Crisis Management Through Science

2020-02-04T14:20:08+00:00 January 31, 2020|
(Credit: NOAA)

(Credit: NOAA)

From: Ocean News Weekly/ By: Ocean Leadership Staff 

What It Was

The House Committee on Science, Space, and Technology held a hearing titled, “An Update on the Climate Crisis: From Science to Solutions.”

Why It Matters

The ocean’s role in climate and our economic and national security cannot be ignored. Recent reports, including the Intergovernmental Panel on Climate Change’s (IPCC) Special Report on Ocean and Cryosphere in a Changing Climate have brought the ocean to the forefront of discussions on climate change. While the ocean has stored up to 90 percent of excess heat in the climate system, we do not understand fully how the warming ocean is contributing to sea level rise nor how much more heat the ocean can absorb, so both ocean- and land-based solutions must be part of the discussion to combat climate change. The current states of energy production, food systems, transportation, and other key activities will result in continued global changes, with negative consequences on ecosystems and people around the world. Science-based polices are crucial to support decision making on adaptation and mitigation as well as stewardship of natural resources.

Key Points

Members and witnesses discussed possible solutions to the climate crisis; incentives needed and barriers to overcome for these options; and policy strategies to best drive actions combating harmful effects of climate change on human health, economic prosperity, and security. All stressed the cost of inaction and called for sustained, effective coordination of strategies. Members sought to understand what the most urgent mitigation and adaptation needs are, what investments the committee should be making, and on what scale. Chairwoman Eddie Bernice Johnson (TX-30) and Ranking Member Frank Lucas (OK-3) committed to constructive dialogue and continued collaboration to pass legislation. All agreed that no one solution alone would be enough and discussed several different sectors that can contribute to mitigating the crisis, including ocean observations, land management, carbon pricing policies, nuclear power.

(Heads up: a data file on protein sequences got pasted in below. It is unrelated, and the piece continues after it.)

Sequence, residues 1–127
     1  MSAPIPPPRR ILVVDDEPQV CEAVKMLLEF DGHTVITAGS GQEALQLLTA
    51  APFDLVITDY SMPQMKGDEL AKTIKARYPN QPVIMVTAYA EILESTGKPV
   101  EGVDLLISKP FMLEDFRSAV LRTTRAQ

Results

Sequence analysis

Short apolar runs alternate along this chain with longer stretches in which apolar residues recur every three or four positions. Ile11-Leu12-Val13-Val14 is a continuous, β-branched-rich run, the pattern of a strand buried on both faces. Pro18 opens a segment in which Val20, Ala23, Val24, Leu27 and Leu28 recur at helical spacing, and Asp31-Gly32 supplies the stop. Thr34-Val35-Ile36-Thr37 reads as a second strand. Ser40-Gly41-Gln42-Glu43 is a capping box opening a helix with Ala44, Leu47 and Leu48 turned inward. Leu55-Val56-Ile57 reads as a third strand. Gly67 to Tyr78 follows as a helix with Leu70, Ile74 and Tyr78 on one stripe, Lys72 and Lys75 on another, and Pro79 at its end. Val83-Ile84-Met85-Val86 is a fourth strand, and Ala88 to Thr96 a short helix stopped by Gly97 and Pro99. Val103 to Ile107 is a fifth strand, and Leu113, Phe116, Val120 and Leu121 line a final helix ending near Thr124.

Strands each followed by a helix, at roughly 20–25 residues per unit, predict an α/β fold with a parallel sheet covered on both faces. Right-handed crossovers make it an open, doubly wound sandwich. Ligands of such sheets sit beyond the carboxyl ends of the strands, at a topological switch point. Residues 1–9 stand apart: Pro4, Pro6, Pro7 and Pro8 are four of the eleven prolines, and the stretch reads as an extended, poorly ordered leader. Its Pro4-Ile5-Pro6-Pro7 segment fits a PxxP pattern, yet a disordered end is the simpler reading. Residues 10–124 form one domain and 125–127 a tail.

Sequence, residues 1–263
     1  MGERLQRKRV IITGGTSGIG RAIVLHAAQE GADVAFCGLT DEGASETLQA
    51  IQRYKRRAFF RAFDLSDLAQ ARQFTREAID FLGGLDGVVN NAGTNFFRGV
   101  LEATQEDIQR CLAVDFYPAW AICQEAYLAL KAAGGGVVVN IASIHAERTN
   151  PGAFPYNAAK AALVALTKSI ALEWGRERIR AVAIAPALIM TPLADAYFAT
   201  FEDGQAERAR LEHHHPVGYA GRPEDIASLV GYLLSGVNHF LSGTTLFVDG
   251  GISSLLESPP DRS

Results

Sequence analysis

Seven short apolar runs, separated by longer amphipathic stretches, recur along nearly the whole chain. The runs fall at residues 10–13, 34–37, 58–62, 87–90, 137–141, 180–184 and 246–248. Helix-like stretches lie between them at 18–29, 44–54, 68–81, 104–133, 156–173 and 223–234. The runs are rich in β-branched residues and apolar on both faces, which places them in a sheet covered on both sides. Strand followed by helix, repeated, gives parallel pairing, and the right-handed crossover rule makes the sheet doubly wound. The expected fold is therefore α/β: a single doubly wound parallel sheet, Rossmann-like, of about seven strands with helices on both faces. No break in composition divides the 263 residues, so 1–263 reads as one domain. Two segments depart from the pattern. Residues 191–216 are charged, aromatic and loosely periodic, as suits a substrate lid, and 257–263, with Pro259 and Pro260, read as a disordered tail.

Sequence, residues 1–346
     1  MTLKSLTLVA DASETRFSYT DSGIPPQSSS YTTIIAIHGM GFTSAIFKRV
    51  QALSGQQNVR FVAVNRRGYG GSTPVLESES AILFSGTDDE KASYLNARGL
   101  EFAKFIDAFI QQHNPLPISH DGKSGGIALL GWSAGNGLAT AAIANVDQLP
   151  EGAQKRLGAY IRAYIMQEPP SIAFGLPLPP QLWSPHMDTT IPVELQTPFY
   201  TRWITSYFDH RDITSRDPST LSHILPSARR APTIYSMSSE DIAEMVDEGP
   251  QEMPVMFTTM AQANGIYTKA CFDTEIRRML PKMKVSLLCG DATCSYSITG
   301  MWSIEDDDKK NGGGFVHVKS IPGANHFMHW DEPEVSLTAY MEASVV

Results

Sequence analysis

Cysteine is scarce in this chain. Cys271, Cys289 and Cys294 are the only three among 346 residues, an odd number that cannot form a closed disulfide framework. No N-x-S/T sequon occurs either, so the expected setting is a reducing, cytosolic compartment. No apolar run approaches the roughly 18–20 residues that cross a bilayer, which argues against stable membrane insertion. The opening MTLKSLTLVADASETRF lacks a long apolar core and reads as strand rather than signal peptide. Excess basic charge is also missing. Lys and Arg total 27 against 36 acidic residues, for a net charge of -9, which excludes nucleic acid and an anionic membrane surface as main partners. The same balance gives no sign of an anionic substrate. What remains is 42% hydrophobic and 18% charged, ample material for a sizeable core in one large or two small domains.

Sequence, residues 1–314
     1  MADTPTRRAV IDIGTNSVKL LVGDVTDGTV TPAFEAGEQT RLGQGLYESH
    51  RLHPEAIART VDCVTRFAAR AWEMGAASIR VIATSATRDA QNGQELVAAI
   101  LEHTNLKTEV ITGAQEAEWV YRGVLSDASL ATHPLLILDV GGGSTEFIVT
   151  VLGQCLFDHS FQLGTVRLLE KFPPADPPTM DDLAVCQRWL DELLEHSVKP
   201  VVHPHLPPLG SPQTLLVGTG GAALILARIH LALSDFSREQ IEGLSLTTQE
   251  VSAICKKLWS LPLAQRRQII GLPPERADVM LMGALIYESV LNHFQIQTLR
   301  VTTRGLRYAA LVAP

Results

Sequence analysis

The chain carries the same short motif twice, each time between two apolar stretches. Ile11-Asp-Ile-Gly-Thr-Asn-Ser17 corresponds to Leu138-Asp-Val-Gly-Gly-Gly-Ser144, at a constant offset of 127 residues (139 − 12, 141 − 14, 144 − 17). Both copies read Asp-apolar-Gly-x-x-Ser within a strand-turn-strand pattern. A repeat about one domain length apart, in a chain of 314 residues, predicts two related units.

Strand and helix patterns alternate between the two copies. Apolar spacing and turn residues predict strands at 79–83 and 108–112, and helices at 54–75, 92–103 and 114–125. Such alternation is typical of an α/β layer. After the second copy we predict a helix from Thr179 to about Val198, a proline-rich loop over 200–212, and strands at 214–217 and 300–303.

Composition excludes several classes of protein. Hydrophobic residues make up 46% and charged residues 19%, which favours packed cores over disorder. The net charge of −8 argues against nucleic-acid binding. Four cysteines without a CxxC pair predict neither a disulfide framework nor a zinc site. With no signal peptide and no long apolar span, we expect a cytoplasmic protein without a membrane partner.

Dr. Richard Murray (Deputy Director & Vice President for Research, Woods Hole Oceanographic Institution) actively advocated for increased capacity for and modernization of sustained ocean observing systems across scientific disciplines, geographic regions, and temporal and spatial scales. He described the multitude of benefits stemming from a better understanding of the ocean, explaining its role as a key driver of much of what we experience on land, such as weather patterns; relationships between food, water, and energy; and national security. He explained the multifaceted needs of the ocean observation enterprise: beyond infrastructure in the water, such as research vessels and technology for data collection, ocean observations also rely upon improving data processing and model integration capabilities through new technologies, such as artificial intelligence, battery development, and high-performance computers. While he acknowledged that ocean observing can be expensive and time consuming, he urged Congress to better fund ocean data collection to match that on land, emphasizing the critical nature of the atmosphere-ocean linkage to improving our decision-making abilities.